“Our mission is simple: more GIRLS on bikes! We host weekly mountain bikerides andskills clinics for girls in the Saratoga Springs NY area led by volunteer female mentors.” - Saratoga Shredders website
Slowly it was growing, they started seeing about 10-15 girls a session. It’s a Free program, which makes it accessible to all. It’s about riding bikes in the woods and empowering girls by doing so. Laloë took a bit of a hiatus when she started her current job, then during the pandemic she knew the girls needed it more than ever and she started it up again. Before she knew it, she had 180 girls registered for Spring 2021, all ages 5-12 years old. They have over 100 Shredders at each ride (twice weekly), where they rotate between three trail venues in the area.
“It was so fun to see my own girls thrive in this environment and then to see so many new families and mentors too. That was the unintended result. Suddenly I have all these new awesome female friends because of Shredders.”
They now have a mentor community of over 60 women for the weekly rides and have mentor-only ride days on the weekends. The group has become very powerful, not just for the girls but for the women. For many women, it is a big leap. It may be the first thing they’ve done for themselves since they had kids, some may be new to town seeking an active social group or use it as a way to overcome fears. Also, everyone is welcome, it’s inclusive to all. It’s pretty fascinating that biking brings a group of women together from all different backgrounds, cultures, professions, social statuses, you name it.
“Initially the goal was simply to get girls on bikes but it has become so much more than that. We’ve created this platform for girls to succeed by riding bikes, but the successes that they’re seeing are transferring to their everyday lives.”
The visibility of the confidence that it gives both the girls and mentors is so apparent. Girls are showing dads how to put chains back on bikes and doing better in school both academically and socially because of it. The women are going back to their homes and showing their husbands how badass they are and that they are killin’ it out on the trails. So much more is being manifested from the group than she ever imagined possible.
The Shredders ride in small groups with multiple mentors so there is a lot of one on one attention. Group sizes are 5 to 10 girls and at least two mentors to each group. Laloë says the future growth of the Shredders is super exciting!
“My main goal this past year, in efforts to move forward, has been to diversify the group. We only have so much racial diversity in Saratoga. We have a lot of economic diversity and I have been able to remove barriers for kids that wouldn’t be able to afford this super privileged sport which has been fantastic but I've also been talking to organizations in the Capital Region to see how we can provide these opportunities for those girls who don’t have the abilities to travel.”
She has been connecting with organizations on monthly online video chats to try and figure out how to make it accessible to get kids on bikes in their areas. Some groups to name are Bikeatoga, Troy Bike Rescue, Black Girls Do Bike and Capital District YMCA. They brainstorm how to get kids on bikes, provide bikes to them and find transportation to get them to the parks. Many organizations are now reaching out to her after seeing the successes of the Saratoga Shredders and an extended community has begun to flourish. Everyone’s efforts together are making these services accessible.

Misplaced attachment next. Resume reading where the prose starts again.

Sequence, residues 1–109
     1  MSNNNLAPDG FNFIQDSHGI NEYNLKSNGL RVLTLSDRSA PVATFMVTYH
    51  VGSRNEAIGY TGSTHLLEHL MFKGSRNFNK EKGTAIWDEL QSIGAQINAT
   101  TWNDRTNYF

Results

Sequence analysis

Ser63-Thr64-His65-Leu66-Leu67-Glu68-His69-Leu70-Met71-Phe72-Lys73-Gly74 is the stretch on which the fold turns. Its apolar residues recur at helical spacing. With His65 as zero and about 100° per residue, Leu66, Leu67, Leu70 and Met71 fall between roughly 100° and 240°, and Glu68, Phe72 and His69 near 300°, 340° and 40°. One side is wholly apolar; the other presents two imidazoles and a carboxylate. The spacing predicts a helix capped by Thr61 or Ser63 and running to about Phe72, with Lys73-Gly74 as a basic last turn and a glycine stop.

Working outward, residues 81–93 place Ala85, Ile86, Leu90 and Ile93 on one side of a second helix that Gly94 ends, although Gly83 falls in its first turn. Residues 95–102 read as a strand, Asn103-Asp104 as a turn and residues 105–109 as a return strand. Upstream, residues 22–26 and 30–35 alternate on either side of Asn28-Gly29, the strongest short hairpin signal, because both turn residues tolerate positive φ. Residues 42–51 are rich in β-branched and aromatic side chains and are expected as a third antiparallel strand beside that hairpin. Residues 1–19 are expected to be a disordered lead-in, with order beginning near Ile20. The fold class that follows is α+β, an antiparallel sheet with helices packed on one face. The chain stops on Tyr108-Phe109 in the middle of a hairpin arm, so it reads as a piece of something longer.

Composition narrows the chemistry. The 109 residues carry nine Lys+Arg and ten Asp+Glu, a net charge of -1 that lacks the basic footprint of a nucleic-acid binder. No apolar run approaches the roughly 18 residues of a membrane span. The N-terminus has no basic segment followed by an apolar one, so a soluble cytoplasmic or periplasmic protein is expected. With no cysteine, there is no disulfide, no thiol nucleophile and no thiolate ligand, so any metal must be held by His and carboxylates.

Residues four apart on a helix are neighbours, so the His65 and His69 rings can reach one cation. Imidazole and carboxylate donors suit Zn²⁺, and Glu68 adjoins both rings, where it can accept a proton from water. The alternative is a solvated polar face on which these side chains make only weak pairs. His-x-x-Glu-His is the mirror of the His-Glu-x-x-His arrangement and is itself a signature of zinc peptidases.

Any profits that Saratoga Shredders make, they then give to other nonprofits in the community, or use to buy bikes for those kids that don’t have access to bikes. They are currently raising funds to purchase a truck, trailer, and fleet of bikes to bring mountain bikes and skills clinics to some Capital Region areas, like Troy and Schenectady.
“If we lift others up, the whole community is lifted.”
What inspires Laloë is knowing that she is exposing girls to opportunities that show them that they can do anything they can put their minds to. Thankfully, throughout her life, she has had many positive role models and mentors showing her what good can prevail when you follow your instincts. She has had many occasions where she has taken leaps that have given her more wisdom and strength to overcome her obstacles of the future. Laloë has some serious Moxxi. She shows us that if there isn’t an opportunity presenting itself that you want, then find a way to make it happen. There is nothing out there that is worth getting in the way of your dreams. Fight for what makes you happy, because, in the long run, that’s all that matters.
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Q + A
Q: What advice would you give to people trying to take a leap in life?
“I think after you’ve put yourself out there the first time and whether it ends up being a mistake or not, you learn from that step, or that adventure. Just keep doing that because if that particular step or that particular adventure will bring you to where you want to be then you do have to take that step. Those risks (for the most part) will bring amazing things because it’s what you want to be doing and it's where your heart is bringing you and it's where your brain is bringing you. It’s that wholesome approach of a healthy mind and body. You have to be willing to take those risks.”
Q: What do you tell yourself when you are in intimidating situations?
“The sport of biking is a very weight specific sport. I’m 5’10” and strong. I should have chosen rowing or volleyball. But for me, it's all about what you love doing - not what your body type is supposed to be able to do. I love to be riding and adventuring in the woods! My body shouldn’t be able to run a marathon, for example, I don’t have a stereotypical ‘runner’ or ‘cyclist’ body, but I’ve ignored those stigmas and run those marathons and become an endurance athlete, despite what the media/history has told me to do, as a tall strong woman. It makes me happy to ride bikes in the woods with friends - we need to work harder at removing the body stigma attached to these adventure sports.”
Q: What does the word "Moxxi" mean to you?
“The term 'Moxxi' exudes confidence and swagger…one could say that Shredder has Moxxi. She walks the talk, she gets it done’.”
Q: Why would you encourage women to bike and/or pick up an activity that's similar?
“The bike is just a conduit - a conduit to all things good. It helps us achieve a healthy mind and body and brings people together. Shredder girls and women make it a HABIT to lift others up.”